Rush Limbaugh

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RUSH: Barack Obama was on the Today Show today with Matt Lauer, who said to Obama, ‘You seem to have started to listen to the critics who started talking about these speeches, the inspiration and the hope. ‘You’ve given me the whip cream. Give me the mashed potatoes.’ Is that a fair assessment?’

OBAMA: There’s no doubt that we want to strike a balance where we explain to people that it’s important for us to get people engaged and motivated and involved, but not just for abstract feel-good stuff. Rather, to deliver on health care for all people or deliver on collage affordability or create good jobs. So, hopefully, the longer I stay in this campaign, the better I get.

RUSH: Yeah. I’ve been working on an Obama speech, ladies and gentlemen. I’m a great impressionist. Well, certain voices, I try to do my best in that regard. I thought I’d try my hand at an Obama speech. Would you like to hear it? The first draft of an Obama speech. ‘Just remember, my friends, the ballot is stronger than the bullet. And the sad duty of politics is to establish justice in a sinful world. Remember, you cannot ignore politics no matter how much you’d like to. To put the world right in order, we have to first put the nation in order. To put the nation in order, we have to first put the family in order. To put the family in order, we have to first cultivate our personal life. We must first set our hearts right. We must have hope. Those who say religion has nothing to do with politics don’t know what religion is. Politics perhaps is the only profession for which no preparation is thought necessary. The price of apathy towards public affairs is to be ruled by evil people. I’ve always said, and you’ve heard me say it over and over again, in politics, your enemies can’t hurt you, but your friends will kill you. Ideas are great arrows, but there has to be a bow, and politics is the bow of idealism.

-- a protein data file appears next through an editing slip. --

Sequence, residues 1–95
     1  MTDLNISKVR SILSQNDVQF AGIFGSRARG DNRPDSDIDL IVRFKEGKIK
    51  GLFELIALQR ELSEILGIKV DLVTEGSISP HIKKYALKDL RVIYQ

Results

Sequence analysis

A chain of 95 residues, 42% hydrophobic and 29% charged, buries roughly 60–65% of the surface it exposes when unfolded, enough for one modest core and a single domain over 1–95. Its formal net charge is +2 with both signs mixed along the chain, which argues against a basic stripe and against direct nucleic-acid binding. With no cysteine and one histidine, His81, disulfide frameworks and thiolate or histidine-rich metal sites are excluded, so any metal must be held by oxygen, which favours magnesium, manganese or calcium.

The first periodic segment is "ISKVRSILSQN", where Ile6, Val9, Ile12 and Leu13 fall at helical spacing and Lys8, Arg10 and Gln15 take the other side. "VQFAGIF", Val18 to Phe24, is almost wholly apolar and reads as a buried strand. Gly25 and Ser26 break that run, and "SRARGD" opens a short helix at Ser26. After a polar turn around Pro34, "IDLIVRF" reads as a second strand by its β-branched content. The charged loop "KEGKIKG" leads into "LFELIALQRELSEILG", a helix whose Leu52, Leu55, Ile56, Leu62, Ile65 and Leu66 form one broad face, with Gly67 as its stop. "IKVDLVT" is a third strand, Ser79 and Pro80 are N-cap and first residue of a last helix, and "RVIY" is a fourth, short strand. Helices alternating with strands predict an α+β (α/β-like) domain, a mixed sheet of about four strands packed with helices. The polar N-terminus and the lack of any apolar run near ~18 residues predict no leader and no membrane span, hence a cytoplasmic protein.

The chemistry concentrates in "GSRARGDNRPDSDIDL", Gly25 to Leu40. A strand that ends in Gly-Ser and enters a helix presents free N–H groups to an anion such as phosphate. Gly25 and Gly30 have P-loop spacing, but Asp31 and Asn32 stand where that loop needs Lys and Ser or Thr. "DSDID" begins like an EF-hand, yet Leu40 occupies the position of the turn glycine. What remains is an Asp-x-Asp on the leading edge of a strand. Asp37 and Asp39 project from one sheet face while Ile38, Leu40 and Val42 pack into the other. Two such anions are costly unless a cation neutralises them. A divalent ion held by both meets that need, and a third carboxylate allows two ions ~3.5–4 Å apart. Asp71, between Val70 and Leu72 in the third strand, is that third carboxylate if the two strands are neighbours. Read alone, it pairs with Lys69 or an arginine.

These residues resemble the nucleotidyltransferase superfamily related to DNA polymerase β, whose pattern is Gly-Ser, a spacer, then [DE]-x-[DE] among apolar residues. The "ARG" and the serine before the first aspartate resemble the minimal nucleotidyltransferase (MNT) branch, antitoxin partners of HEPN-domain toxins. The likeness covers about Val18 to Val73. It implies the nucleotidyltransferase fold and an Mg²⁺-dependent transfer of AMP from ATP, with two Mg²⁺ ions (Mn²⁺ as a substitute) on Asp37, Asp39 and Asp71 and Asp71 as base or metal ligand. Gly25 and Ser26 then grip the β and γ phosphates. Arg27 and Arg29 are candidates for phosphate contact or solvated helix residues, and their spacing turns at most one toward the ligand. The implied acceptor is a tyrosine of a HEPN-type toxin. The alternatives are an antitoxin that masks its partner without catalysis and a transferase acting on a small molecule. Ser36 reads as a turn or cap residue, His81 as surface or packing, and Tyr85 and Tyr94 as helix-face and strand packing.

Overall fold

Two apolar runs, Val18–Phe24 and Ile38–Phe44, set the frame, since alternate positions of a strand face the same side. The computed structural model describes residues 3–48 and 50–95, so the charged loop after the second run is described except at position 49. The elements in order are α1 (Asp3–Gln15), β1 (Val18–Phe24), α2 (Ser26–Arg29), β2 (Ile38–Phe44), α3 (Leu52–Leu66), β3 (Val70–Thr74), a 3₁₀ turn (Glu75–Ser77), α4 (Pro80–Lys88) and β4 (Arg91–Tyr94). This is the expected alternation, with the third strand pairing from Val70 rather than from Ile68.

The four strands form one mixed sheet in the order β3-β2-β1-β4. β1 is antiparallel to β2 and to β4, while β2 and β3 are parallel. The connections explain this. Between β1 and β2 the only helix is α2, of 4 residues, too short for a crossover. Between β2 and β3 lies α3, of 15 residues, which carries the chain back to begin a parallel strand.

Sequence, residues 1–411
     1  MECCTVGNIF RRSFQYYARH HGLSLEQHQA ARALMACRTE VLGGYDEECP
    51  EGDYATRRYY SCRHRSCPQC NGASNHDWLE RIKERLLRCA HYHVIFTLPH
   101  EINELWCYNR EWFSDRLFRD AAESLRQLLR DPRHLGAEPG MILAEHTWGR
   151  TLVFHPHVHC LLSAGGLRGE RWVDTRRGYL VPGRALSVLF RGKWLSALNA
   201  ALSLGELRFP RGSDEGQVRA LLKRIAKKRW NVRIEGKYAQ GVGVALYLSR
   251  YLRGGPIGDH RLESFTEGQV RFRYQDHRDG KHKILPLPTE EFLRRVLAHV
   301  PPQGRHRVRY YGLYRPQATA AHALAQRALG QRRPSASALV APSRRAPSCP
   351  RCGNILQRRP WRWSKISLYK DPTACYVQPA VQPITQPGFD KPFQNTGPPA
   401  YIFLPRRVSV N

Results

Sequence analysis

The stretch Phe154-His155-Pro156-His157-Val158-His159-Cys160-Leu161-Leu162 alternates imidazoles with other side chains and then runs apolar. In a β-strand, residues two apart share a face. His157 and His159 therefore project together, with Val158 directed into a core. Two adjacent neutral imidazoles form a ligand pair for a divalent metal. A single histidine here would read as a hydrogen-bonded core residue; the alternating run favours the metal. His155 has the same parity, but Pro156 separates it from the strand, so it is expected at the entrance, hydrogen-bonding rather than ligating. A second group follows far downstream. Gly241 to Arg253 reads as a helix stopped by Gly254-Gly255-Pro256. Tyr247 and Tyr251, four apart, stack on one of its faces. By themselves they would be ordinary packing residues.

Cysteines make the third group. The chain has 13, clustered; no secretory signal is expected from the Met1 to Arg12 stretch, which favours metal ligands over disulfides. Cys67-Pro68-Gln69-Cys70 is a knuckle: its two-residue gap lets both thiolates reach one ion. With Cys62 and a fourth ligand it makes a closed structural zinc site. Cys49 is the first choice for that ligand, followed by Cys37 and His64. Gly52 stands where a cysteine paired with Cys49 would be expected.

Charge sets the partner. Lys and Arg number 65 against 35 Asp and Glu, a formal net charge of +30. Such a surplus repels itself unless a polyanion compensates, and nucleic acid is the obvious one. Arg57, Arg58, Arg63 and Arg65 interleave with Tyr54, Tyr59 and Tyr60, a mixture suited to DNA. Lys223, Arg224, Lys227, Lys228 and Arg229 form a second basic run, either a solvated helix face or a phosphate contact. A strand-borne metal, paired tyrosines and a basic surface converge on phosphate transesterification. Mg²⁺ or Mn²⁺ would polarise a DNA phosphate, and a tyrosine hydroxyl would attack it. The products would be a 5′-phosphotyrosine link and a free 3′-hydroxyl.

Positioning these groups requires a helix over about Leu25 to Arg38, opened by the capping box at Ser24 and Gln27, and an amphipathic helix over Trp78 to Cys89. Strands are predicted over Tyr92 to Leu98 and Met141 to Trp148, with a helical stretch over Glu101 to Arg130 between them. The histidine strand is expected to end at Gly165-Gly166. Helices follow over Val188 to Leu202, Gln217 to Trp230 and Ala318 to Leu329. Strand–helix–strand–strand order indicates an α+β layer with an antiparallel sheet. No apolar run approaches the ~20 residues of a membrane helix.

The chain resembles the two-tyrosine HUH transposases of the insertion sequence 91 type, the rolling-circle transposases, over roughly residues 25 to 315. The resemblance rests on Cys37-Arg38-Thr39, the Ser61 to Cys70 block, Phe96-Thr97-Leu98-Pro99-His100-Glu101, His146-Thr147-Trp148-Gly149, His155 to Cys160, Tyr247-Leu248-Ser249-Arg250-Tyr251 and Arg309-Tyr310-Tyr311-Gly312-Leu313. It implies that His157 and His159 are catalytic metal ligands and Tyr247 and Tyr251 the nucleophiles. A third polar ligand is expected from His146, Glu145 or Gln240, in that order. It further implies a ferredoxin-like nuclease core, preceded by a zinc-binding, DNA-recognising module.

‘Remember this: Politicians are the same all over. They promise to build a bridge even where there is no river. And anyone who wants the presidency so much that he’ll spend two years organizing and campaigning for it is not to be trusted with that office. Here we are the way politics ought to be in America, the politics of happiness, the politics of purpose, the politics of joy, the politics of hope. In our brief national history, we have shot four of our presidents, we’ve worried five of them to death, we’ve impeached one, we’ve hounded another out of office. When all else fails, we hold an election, we assassinate their character. A national political campaign is better than the best circus ever heard of with a mass baptism and a couple of hangings thrown in. In politics, an organized minority is a political majority. I never submitted the whole system of my opinions to the creed of any party or men wherever, whatever, in religion, philosophy, politics or anything else, where I was capable of thinking for myself. Such an addiction is the last degradation of a free and moral agent.

‘If I couldn’t go to heaven with a party, I wouldn’t go there at all. And if they didn’t have cigars there, I wouldn’t bother, either. A popular government without popular information, with the means of acquiring it is but a prologue to a farce of a tragedy, or perhaps both. Politics, my friends, is the art of looking for trouble, finding it everywhere, diagnosing it incorrectly, and applying the wrong remedies. We don’t have a money problem in America. We got values and priorities problems. Washing one’s hands of the conflict between the powerful and the powerless, the hopeful and the hopeless, means to side with the hopeful the hopeless, the powerful, and not to be neutral. People who don’t vote have no line of credit, my friends, with people who are elected and thus pose no threat to those who act against our interests. The people of this country, not special interest big money, should be the source of all political power. If a free society cannot help the many who are poor, it cannot save the few who are rich. And none of this can happen without hope and change.’

You feel faint? You feel faint out there? Are you inspired? Were you elevated? You feel befuddled? Why, this was an Obama speech. Hell, I’m only halfway through it. I stopped because I thought I’d made the point. Politics would be a hell of a good business if it weren’t for the damn people in it.

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